Will there be enough architects, construction managers and engineers to fill the industry’s needs ten years from now?
The ACE Mentor Program is working hard to make sure there will be. The national program was founded in 1995 as an innovative way of attracting students, particularly minorities, women and low-income populations into careers in the architecture, construction and engineering industry. ACE’s mission is to inform and excite high school students about career opportunities in architecture, construction and engineering; encourage students to pursue secondary and post-secondary education that will prepare them for careers in the integrated construction industry; and support the development of basic and technical skills through mentoring relationships.
High school students in the Raleigh/Durham area can now benefit from a nationwide program designed to introduce them to the wide range of career opportunities open to young people in architecture, construction, engineering, and related areas of the building design and construction industry. At weekly meetings, student teams work directly with professionals from leading area firms, who volunteer their time to mentor the teams as they design hypothetical projects, tour local construction sites, and visit architectural, engineering and construction offices.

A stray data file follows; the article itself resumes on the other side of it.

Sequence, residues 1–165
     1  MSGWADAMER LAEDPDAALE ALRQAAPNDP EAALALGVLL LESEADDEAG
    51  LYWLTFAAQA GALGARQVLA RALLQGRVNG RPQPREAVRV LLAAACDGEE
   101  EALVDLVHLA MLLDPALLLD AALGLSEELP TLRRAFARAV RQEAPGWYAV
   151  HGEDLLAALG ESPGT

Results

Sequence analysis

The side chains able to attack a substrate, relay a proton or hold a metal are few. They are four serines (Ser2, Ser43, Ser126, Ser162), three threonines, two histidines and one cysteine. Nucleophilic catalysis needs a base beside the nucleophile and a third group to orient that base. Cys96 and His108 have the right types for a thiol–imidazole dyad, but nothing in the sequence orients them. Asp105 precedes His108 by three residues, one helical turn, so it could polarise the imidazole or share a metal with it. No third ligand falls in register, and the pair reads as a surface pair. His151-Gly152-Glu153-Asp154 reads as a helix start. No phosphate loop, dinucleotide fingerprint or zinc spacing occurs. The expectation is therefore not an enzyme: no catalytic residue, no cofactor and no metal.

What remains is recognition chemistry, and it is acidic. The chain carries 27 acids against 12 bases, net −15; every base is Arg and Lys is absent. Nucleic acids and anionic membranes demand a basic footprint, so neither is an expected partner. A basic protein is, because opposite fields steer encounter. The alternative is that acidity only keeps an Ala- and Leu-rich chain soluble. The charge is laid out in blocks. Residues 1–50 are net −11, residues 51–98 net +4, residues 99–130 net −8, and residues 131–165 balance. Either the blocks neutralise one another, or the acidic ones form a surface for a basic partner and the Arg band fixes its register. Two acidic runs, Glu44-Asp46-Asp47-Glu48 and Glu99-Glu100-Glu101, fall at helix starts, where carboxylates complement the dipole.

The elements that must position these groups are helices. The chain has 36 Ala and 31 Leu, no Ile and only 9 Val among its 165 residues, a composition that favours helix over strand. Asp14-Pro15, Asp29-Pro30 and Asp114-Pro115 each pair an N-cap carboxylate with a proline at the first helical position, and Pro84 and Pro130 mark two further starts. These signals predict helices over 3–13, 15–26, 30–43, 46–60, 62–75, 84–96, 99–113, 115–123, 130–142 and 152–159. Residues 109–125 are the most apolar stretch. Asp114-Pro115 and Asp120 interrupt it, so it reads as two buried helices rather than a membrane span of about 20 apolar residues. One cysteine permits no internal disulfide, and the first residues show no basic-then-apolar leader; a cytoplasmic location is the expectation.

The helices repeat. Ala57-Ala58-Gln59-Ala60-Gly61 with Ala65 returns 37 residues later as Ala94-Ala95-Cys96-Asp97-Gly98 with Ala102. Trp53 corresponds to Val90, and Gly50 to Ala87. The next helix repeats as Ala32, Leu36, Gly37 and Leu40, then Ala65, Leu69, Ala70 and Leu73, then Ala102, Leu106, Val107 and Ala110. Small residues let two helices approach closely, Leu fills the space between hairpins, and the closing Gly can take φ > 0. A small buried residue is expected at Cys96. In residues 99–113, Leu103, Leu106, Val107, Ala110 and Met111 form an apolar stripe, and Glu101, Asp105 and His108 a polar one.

- To inform and excite High School students about Architecture, Engineering and Construction Career Opportunities.
- Support the development of basic and technical skills and form positive relationships with industry professionals.
- Provide references for college admissions, internships, and full time employment, and give scholarships to students pursuing the ACE career fields.
- Attract and promote all students and especially minorities, women, and low-income populations in the community.
After School Program
Students in the ACE program typically work closely with their mentors on projects that provide hands-on experience in solving the types of design, engineering and construction challenges industry professionals confront every day. The teams often learn how to use advanced computerized tools, such as AutoCAD, while special exercises and activities illustrate the industry’s demand for young people skilled in math, physics, economics, art, and other disciplines.
Meeting Locations and Schools Served
The following map details the 2017-2018 meeting locations and the schools our students came from: